Why You Should Let Go of a Grudge

I recently ran into someone who is clearly holding a grudge against me for a situation that happened two years. I wasn’t even the person in the wrong, but I have found forgiveness and decided to let it go. I lost a lot because of the situation so I am proud of myself that I have been able to let it go. But, the other person is still holding on to the feelings and anger. When I saw that, I felt sadness and it taught me something. I realized that holding grudges isn’t worth it. It keeps you imprisoned in those feelings when it’s easy to move on from them. It doesn’t mean that you have to forget. It doesn’t mean that you have to put yourself in the same situation. It simply means that you forgive the person and move on with your life.

“Holding on to anger is like grasping a hot coal with the intent of throwing it at someone else; you are the one who gets burned.”– Buddha

We choose everything that we do in life. We choose how we respond and what we do. Commitment is a choice. It’s choosing to be or do something every day. You have to make the commitment to holding a grudge against someone. You have to make a commitment to being angry at someone every day. Our bodies don’t even know how to hold anger and our heart doesn’t know how to hold grudges. Our hearts and bodies were built for love. Therefore, to hold a grudge or anger, you are using all of your energy. You are stealing precious energy, oxygen and cells from vital organs to hold this anger and resentment in your body. After awhile, it’s like running your car’s engine all day every day at its highest speed, eventually it’s going to burn out. So, if you are angry and hold grudges, you are using your energy in a way that your body is not prepared to handle.

Today I am grateful for the ability to change. The surprising thing is we have the power all the time.  Our brains are like swift computers that compare, calculate, formulate and forecast, but we ultimately make the decision. The decision to change happens so quickly that we don’t always acknowledge how quickly it happened. For example, you could be on your way home from work and a friends call to ask if you want to go to the movies. You were all ready to go home and had things that you planned to do when you got there, but you decided that you really need to get out. You tell your friend that you will go and you change direction and head to the movies. You changed your mind. It took minutes and you probably enjoyed the movie and time with your friend.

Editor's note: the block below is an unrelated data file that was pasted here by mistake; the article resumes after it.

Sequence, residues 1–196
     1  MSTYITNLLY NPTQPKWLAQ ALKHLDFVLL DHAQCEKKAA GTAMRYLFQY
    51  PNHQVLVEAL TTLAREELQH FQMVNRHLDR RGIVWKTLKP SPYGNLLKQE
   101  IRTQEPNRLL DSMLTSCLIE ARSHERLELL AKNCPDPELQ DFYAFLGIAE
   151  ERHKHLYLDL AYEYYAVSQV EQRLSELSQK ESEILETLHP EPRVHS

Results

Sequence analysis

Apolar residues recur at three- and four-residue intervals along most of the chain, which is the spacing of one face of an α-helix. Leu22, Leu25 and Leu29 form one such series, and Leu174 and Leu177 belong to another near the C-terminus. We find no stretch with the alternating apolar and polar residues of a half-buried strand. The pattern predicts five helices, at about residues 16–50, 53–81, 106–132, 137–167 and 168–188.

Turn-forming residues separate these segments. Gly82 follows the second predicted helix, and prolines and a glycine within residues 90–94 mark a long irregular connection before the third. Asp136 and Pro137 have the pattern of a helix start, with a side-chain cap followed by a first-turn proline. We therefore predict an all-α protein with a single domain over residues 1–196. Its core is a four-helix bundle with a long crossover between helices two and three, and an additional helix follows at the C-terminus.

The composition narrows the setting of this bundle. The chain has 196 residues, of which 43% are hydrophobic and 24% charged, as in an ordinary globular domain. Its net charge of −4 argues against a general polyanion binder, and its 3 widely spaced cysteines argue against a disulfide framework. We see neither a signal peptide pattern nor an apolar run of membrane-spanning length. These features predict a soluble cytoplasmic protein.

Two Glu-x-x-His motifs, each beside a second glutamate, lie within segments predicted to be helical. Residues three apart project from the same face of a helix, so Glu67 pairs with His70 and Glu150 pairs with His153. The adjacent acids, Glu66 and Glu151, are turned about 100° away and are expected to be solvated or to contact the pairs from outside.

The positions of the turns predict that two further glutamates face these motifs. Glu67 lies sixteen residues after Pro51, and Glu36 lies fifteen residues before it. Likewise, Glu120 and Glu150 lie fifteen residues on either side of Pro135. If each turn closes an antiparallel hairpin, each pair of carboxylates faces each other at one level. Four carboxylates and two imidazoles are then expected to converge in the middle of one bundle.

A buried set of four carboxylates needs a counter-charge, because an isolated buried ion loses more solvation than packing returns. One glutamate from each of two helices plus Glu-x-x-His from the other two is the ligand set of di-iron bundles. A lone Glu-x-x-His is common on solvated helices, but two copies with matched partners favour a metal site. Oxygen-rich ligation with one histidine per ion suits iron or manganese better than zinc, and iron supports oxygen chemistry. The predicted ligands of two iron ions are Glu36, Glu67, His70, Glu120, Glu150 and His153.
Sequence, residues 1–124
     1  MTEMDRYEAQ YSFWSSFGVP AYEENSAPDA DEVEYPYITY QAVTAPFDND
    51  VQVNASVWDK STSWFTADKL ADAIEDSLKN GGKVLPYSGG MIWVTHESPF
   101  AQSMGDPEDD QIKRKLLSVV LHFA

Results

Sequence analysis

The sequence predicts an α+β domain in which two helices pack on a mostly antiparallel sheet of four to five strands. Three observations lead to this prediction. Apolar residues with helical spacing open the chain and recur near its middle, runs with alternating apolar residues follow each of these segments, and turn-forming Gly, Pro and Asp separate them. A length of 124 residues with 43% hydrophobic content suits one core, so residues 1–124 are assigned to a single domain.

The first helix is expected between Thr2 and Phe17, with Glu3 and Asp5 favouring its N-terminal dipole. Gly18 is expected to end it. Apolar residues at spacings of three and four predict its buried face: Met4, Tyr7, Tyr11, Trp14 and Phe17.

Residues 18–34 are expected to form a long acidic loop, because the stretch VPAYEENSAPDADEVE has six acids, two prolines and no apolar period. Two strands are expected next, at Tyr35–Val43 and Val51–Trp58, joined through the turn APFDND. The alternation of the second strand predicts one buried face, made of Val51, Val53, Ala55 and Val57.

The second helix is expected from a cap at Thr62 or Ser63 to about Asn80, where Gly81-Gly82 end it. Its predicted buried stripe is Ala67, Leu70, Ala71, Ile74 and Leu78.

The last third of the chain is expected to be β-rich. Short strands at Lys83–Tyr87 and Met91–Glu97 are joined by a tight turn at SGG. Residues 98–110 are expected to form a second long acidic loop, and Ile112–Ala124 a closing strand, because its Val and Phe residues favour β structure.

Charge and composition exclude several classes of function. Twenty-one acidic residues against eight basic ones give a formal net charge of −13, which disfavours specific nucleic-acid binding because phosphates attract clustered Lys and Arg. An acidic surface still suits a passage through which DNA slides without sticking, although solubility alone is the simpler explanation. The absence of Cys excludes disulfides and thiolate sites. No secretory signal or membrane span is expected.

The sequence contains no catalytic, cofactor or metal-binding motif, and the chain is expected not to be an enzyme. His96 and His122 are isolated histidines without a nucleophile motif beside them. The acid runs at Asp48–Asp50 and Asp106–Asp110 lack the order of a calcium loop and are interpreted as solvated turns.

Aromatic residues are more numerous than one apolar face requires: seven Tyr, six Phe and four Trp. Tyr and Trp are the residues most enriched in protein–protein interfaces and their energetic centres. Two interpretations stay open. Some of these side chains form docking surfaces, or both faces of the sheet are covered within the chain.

If you want to let go of a grudge, it’s this simple. Let it go. It doesn’t take anything from the person that you were angry with. You can decide to do it now. You can decide to do it for you. You can choose your health. You can stop being angry this minute and release all that stress from your body. Find the lesson you were supposed to learn in the situation. You can thank that person for teaching you the lesson and move on. If you’ve moved on and your circumstances are different, what does it benefit you to stay stuck in the anger and resentment. Why stay in a jail if you have the key and there is no one guarding the door? A grudge is the shackles you place on yourself for someone else’s crime.

“When you hold resentment toward another, you are bound to that person or condition by an emotional link that is stronger than steel. Forgiveness is the only way to dissolve that link and get free.” -Catherine Ponder